Opinion |

As an Arab, I Support Israel's Jewish Nation-state Bill

I don’t see anything wrong with communities for Jews only if new Arab communities are built and can decide whether to accept new residents based on religion or nationality

Abed L. Azab
Abed L. Azab
Young settlers riding on a donkey with an Israeli flag as they join a march against Palestinian statehood at Itamar near Nablus, September 20, 2011.
Young settlers riding on a donkey with an Israeli flag as they join a march against Palestinian statehood at Itamar near Nablus, September 20, 2011.Credit: Ariel Schalit / AP
Abed L. Azab
Abed L. Azab

I’d like to repeat the headline: I support the nation-state bill in its current form, the one that allows communities for Jews only, without softening it in any way. That is, without beautifying it to make Israel look like a normal democratic country.

The changes proposed by parties in the governing coalition weren’t meant to safeguard human rights, including those of minorities, but rather for Israel to continue its trade relations with Europe without the Europeans reminding the people who experienced the Holocaust that their country is now the flag-bearer for racism around the world.

But in addition to the bill’s exposing of Israel’s repulsive and racist face, it also provides official approval for the racism against Israel’s Arab citizens since the state’s founding. Still, as I’ll explain below, it’s possible that such a law would bring positive results.

In Haaretz’s Hebrew edition, Jonathan Lis wrote an article called “The controversial sections in the nation-state bill.” I’d like to go over those three sections, but please note, they’re controversial among Knesset members in the governing coalition too.

The opinion of Arabic-speaking opposition members, who represent the great majority of Israel’s native speakers of Arabic, hasn’t been taken into account in the least. Subordinating this community to “Jewish jurisprudence” doesn’t bother the coalition either. I think this is the embodiment of racism: the dictatorship of the majority that doesn’t take into account the minority’s basic needs.

“The status of the Arabic language” is the first controversial section because according to the bill, Hebrew will be Israel’s only official language. What’s the situation today? Arabic is the second official language. The bill is thus a fig leaf for racism.

And without hot-headed and fiery slogans, let’s make a simple calculation. What’s the percentage of Arabic speakers in branches of the National Insurance Institute, or at the tax authority, government ministries, the Government Companies Authority or boards of state-owned firms?

If there are such people, are they native speakers or is their Arabic inarticulate and military? How many of them can write in fluent, official Arabic? Are they allowed, not to say encouraged or required, to give expression to this aptitude in their contact with the Arab community or on official business?

Despite the current situation in which Arabic is an official language, its use at government ministries and institutions far from reflects this. Moreover, most of the very few Arabs who are hired for such jobs are accepted based on their good Hebrew; this is definitely a legitimate requirement, but their skills in their native language aren’t considered in the hiring process. At the moment of truth, the vast majority of these Arabs will write (or translate) a document in Arabic with mistakes in syntax and even spelling.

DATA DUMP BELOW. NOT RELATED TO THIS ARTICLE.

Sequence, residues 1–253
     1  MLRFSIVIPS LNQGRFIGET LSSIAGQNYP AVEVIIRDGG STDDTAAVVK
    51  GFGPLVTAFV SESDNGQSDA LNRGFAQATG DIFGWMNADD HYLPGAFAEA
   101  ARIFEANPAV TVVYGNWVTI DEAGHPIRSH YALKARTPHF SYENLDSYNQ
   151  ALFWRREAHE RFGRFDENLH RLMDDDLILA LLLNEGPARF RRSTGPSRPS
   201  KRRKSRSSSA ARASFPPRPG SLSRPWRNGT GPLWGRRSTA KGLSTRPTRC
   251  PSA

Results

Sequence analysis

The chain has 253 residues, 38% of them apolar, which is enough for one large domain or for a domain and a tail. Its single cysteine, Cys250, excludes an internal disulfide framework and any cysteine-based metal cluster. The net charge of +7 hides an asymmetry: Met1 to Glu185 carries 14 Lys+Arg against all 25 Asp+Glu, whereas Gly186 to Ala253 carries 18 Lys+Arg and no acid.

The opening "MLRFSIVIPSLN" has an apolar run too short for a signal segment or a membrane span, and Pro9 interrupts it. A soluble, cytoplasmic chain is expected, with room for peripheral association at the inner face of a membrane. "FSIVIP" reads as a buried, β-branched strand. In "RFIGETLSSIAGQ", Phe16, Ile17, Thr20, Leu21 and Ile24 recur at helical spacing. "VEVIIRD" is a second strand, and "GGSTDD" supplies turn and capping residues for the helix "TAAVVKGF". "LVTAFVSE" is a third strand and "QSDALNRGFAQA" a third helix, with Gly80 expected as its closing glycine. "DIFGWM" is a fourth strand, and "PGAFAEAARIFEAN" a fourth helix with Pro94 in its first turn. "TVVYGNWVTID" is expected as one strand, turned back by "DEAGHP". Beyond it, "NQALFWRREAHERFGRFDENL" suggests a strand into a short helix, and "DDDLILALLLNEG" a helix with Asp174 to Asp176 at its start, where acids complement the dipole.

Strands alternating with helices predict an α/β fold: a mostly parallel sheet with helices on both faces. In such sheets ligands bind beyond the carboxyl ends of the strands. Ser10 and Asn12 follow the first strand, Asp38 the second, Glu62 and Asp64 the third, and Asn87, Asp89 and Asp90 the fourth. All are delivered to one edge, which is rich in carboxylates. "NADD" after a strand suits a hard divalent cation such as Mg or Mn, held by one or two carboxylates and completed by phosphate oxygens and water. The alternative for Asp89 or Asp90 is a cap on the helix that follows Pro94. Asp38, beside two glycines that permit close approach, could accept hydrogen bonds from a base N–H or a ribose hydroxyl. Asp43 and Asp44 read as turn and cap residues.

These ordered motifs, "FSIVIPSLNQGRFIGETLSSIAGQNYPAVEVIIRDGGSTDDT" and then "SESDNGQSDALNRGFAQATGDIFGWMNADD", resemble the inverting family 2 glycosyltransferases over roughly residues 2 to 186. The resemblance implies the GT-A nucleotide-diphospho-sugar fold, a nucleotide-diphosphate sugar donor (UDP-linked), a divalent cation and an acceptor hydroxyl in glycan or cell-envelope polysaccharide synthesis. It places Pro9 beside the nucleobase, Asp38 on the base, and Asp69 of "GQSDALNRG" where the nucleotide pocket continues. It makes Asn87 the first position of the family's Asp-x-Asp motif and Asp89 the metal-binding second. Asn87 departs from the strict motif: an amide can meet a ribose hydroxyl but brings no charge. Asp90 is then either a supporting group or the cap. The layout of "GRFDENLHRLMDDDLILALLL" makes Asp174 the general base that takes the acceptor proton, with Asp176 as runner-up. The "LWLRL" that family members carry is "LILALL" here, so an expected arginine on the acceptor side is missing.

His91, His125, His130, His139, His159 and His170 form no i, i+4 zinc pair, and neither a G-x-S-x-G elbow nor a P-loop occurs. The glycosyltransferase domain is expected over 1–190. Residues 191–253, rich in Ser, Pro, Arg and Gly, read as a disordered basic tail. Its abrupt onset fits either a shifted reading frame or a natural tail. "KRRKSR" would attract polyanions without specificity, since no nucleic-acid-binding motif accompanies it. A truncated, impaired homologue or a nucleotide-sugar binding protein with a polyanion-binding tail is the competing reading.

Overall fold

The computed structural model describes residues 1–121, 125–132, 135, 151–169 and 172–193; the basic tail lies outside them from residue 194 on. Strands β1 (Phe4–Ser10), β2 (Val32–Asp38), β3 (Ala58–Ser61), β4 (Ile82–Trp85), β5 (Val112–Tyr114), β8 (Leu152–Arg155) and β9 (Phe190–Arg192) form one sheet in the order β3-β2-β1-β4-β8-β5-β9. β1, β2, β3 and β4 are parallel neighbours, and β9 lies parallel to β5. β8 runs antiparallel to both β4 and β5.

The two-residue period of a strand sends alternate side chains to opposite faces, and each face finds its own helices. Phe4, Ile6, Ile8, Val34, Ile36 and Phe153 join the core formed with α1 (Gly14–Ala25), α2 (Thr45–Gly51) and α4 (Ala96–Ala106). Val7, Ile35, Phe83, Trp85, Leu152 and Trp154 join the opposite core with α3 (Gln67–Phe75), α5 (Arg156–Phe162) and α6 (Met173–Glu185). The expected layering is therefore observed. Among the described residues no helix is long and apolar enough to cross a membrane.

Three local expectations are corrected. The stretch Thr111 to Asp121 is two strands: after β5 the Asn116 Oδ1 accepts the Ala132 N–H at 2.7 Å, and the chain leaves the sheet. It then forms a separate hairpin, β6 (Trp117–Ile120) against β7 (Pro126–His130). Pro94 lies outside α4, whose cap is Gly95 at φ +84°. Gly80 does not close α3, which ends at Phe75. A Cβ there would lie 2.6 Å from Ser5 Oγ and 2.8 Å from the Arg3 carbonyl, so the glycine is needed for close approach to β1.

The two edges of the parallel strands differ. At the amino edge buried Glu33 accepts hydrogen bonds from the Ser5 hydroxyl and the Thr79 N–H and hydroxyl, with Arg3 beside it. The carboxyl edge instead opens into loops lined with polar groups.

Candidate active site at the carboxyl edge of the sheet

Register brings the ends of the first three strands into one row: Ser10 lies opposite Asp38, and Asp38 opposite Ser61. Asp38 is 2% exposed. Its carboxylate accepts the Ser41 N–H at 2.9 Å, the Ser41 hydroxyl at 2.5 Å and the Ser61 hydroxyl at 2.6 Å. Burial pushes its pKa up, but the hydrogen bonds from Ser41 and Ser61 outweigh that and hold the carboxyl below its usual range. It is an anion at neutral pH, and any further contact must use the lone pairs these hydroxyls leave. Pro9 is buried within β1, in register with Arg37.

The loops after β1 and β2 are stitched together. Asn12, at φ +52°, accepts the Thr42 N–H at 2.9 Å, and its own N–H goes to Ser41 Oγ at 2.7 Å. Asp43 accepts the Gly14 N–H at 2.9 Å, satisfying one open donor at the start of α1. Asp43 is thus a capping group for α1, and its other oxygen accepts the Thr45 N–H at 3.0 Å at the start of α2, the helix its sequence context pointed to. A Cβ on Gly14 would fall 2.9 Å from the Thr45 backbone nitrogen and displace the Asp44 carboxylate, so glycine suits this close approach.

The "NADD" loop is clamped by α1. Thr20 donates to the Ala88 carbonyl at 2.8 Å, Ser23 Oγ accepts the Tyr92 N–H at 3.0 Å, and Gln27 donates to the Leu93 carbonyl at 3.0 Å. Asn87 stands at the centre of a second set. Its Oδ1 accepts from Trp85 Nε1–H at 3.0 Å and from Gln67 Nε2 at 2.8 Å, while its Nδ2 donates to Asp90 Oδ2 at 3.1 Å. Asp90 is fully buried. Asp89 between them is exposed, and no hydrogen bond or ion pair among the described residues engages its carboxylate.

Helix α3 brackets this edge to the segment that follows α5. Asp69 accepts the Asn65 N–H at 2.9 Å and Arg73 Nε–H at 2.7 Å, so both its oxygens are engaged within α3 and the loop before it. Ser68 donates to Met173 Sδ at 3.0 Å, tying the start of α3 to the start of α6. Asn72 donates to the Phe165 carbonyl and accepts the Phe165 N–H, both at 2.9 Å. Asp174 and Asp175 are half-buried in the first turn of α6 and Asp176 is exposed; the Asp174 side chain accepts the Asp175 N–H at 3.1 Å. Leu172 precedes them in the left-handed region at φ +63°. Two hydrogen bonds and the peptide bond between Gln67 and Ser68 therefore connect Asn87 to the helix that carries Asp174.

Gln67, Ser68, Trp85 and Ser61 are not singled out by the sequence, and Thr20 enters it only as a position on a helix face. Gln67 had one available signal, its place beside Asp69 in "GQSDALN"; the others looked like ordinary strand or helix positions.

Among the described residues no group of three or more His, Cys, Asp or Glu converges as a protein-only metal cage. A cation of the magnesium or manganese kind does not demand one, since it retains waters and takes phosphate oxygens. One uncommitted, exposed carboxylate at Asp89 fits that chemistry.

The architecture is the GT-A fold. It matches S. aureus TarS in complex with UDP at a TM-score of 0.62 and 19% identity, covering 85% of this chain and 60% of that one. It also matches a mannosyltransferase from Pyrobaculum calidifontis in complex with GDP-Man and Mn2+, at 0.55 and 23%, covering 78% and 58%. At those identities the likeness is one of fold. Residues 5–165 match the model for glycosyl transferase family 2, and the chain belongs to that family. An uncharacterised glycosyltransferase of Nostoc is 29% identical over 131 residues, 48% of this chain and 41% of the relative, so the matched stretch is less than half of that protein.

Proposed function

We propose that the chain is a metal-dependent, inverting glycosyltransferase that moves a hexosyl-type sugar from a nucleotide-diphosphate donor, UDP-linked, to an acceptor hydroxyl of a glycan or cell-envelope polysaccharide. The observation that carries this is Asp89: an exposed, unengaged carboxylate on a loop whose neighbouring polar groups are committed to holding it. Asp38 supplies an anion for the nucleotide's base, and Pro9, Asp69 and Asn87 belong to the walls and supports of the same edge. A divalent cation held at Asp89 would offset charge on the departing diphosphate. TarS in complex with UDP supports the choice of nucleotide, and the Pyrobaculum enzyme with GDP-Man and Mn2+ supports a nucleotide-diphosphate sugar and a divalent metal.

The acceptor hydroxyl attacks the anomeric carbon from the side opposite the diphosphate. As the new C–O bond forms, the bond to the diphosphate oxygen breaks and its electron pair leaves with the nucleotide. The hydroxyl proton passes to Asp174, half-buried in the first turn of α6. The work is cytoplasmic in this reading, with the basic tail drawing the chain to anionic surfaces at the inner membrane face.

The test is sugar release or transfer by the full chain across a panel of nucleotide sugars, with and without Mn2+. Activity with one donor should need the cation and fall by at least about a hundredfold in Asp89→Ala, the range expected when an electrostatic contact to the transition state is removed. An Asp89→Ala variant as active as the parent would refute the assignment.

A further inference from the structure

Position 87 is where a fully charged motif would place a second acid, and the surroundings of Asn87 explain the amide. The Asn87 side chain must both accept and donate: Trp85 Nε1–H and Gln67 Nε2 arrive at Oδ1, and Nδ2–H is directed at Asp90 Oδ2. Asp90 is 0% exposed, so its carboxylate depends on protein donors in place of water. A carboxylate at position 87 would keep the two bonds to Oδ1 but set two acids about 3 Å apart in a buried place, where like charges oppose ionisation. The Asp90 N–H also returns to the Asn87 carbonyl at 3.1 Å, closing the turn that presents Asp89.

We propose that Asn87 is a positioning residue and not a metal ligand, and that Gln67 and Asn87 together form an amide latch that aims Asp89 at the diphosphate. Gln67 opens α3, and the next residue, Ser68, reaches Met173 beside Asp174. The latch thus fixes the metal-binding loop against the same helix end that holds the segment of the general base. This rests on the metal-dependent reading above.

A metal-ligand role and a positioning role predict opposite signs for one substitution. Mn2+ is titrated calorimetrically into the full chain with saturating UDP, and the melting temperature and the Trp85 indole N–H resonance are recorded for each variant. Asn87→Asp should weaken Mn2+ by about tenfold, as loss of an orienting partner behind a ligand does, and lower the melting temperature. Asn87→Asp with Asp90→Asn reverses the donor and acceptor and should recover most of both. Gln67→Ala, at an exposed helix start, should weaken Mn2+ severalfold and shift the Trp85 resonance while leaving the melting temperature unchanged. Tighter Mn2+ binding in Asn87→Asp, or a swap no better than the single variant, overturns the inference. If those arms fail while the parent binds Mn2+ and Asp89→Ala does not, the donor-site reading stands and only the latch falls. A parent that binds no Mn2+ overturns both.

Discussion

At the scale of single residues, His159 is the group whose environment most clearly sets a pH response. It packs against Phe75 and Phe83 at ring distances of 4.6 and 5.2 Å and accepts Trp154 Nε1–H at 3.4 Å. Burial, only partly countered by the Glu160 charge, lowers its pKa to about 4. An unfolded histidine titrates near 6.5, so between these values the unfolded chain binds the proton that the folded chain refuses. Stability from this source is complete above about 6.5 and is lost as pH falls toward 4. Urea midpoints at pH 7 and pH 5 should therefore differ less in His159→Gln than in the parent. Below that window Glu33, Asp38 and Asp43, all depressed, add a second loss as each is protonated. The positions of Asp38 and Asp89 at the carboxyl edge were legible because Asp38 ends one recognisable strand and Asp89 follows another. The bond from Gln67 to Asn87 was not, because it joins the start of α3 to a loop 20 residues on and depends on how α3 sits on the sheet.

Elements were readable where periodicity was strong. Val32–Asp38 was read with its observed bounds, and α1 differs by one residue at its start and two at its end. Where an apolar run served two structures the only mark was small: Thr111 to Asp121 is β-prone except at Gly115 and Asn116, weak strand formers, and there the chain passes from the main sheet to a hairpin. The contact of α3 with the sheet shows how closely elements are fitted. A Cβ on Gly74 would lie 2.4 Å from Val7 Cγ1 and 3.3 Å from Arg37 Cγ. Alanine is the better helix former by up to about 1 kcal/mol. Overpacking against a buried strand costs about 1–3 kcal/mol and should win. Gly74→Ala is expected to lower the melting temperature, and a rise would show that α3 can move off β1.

The situation at nongovernment institutions – like universities, colleges, museums, theaters and the parks authority – that receive government funding is even worse. At almost each you can find a leaflet or two in Arabic in window displays, but the use of Arabic ends there; in the institution’s normal work, the use of Arabic is minuscule.

Will students who finish their doctoral research in chemistry at Hebrew University or the Technion be allowed to write their theses in Arabic? Will any of the teachers be able to go over this work in Arabic? For full disclosure, I’ll note that during my long teaching career it was much easier for me – and at the beginning even necessary – to study and teach chemistry in Hebrew because both my high school and academic studies were in Hebrew.

Let’s set aside for a moment the issue of academic studies, which in their more advanced stage (such as higher degrees and research) even Hebrew loses out to English. After all, cultural institutions in Yiddish or Russian, languages that aren’t official languages, have always received government support in Israel – much more than institutions where the main language is Arabic.

The section on communities' “acceptance committees” is the stumbling block of the nation-state bill. It's depicted as the most racist part and unconstitutional because it allows the building of communities for Jews only and lets these communities reject Arabs.

The bill doesn’t mention Jews but only acceptance based on religion and nationality. I don’t see anything wrong with this section if its implementation is accompanied by the building of new communities for Arabs who will be able to decide whether to accept new residents based on religion or nationality. I’m certain that the residents of some Muslim towns in Israel would welcome such a law.

Finally, as for the third section on “Jewish jurisprudence,” this may look a bit strange, but I recommend that the Joint List’s Arab MKs support this section, and even a more extreme version – with a legal system based on Jewish law. After all, in many Arab towns sharia law almost exists already; for example, they don’t allow mixed-gender marathons. Let’s see how many Tel Avivians would survive the imposition of Jewish law for a decade.

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